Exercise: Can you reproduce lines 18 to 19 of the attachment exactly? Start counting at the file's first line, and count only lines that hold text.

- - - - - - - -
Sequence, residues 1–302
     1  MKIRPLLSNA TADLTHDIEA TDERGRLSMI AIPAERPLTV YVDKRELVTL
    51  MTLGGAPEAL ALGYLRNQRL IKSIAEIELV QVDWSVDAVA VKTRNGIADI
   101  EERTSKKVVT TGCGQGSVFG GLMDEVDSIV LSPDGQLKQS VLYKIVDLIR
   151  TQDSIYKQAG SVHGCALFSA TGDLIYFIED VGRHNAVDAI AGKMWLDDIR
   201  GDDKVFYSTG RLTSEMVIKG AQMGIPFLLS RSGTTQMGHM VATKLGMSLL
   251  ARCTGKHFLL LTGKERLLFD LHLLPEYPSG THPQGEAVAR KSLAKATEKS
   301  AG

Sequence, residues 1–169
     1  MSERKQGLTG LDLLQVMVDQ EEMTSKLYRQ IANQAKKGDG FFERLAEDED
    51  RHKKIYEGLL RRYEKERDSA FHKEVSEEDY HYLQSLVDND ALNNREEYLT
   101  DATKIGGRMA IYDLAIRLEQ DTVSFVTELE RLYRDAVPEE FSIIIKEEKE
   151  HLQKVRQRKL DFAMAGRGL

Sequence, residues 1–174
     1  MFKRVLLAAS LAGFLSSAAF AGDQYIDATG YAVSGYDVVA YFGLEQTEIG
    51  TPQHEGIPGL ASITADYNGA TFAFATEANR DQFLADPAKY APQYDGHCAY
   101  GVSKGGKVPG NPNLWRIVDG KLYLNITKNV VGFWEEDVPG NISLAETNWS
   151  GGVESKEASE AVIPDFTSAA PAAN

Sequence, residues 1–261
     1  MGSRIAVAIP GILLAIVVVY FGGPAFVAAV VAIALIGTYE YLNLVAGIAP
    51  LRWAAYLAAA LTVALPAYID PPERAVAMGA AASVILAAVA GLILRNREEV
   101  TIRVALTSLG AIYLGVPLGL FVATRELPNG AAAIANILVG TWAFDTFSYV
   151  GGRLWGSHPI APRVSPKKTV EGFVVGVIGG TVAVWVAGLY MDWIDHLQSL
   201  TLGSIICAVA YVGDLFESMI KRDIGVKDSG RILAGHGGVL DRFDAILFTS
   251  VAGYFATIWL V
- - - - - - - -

   151  GGVESKEASE AVIPDFTSAA PAAN

Sequence, residues 1–261